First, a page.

Passport

Too soon for the Sri Lanka puff pieces?

Sri Lankans head to the polls tomorrow for the country’s first presidential election since the crushing of the Tamil Tiger insurgency last November. The Tamil population, likely the swing voters in the race, are in the strange position of voting between two men who helped orchestrate the offensive, President Mahinda Rajapaksa and former Army Chief ...

S. KODIKARA/AFP/Getty Images
S. KODIKARA/AFP/Getty Images

Sri Lankans head to the polls tomorrow for the country’s first presidential election since the crushing of the Tamil Tiger insurgency last November. The Tamil population, likely the swing voters in the race, are in the strange position of voting between two men who helped orchestrate the offensive, President Mahinda Rajapaksa and former Army Chief Sarath Fonseka.

While the fighting may be over, Sri Lanka is still having a hard time escaping the legacy of the decades-long war. This month, the United Nations declared genuine a video showing extrajudicial executions by Sri Lankan troops, prompting a furious response from the government. Tens of thousands of Tamil refugees are still living in transit camps and those who have returned to their homes are struggling to rebuild their homes on meager resttlement packages from the U.N. Currently on ForeignPolicy.com, Samanth Subramanian discusses the fluid situation of Tamil refugees in India:

The continuing failure of these refugees to return is, in a way, a failure of the Sri Lankan political process itself — not to mention a humanitarian tragedy in which thousands of lives will be circumscribed by the borders of a camp well into the indefinite future.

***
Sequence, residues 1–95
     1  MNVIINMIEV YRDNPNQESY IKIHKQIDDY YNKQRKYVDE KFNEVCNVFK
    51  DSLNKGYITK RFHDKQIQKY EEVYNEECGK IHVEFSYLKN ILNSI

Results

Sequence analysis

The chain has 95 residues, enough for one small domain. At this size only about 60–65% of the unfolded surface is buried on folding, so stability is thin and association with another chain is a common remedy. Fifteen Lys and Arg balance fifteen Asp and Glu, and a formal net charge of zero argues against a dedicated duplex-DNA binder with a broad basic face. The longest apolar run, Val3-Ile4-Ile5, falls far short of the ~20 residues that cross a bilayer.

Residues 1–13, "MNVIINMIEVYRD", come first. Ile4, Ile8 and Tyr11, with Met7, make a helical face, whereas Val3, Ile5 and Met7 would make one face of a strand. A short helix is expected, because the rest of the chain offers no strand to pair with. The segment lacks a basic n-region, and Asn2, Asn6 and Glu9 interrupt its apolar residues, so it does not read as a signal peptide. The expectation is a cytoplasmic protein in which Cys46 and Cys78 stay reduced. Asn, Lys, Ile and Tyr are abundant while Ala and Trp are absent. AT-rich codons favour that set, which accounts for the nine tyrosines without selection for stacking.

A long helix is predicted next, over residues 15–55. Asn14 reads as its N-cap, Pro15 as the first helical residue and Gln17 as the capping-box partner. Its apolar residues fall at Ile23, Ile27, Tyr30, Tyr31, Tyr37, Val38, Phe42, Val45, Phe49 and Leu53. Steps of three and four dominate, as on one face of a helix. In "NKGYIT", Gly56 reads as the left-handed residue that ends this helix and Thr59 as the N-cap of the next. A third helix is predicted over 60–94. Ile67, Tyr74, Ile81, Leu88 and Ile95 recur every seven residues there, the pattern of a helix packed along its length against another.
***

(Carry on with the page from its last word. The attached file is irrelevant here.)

According to figures compiled by the Office of the U.N. High Commissioner for Refugees (UNHCR), roughly 800 refugees returned to Sri Lanka from India in 2009 — most of them after the war ended in May and most of them individuals rather than families, often fishermen hurrying to resume their interrupted livelihoods. The vast majority still left are … still deciding what to do.

In fact, the only people who think that the situation has returned to normal in Sri Lanka may be U.S. travel writers. Here’s the New York Times‘  recent "31 Places to Go in 2010" package:

For a quarter century, Sri Lanka seems to have been plagued by misfortune, including a brutal civil war between the Sinhalese-dominated government and a separatist Tamil group. But the conflict finally ended last May, ushering in a more peaceful era for this teardrop-shaped island off India’s coast, rich in natural beauty and cultural splendors. …

Among the most scenic, if difficult stretches to reach, is Nilaveli Beach in the Tamil north. While a few military checkpoints remain, vacationers can lounge on poolside hammocks under palm trees or snorkel in its crystal-clear waters.

The lifestyle website Daily Candy also chimed in:

The civil war is mostly over, and Sri Lanka is now stable and safe — and as beautiful, tropical, and friendly as ever. The conflict was primarily in the north, and our itinerary will have you roaming the south for adventure (elephant safaris), history (colonial fort towns, old Buddhist temples), rain forests (and mountains and tea plantations), and gorgeous beaches.

"Really, there’s only one downside to Sri Lanka: Eventually, you have to leave," they write. I suppose they mean aside from the 100,000 people in refugee camps.

I’m not suggesting that travelers should have to agree with the policies of every country they visit or never visit places of recent castrophe (though I do think a Haitian cruise vacation right now would be a bit much) but responsible tourists should also be aware that just because there’s no more violence doesn’t mean that a country’s conflict is over. Hopefully Sri Lanka’s peace holds through this election and long into the future, but it does the country no service to sweep last year’s carnage under the rug.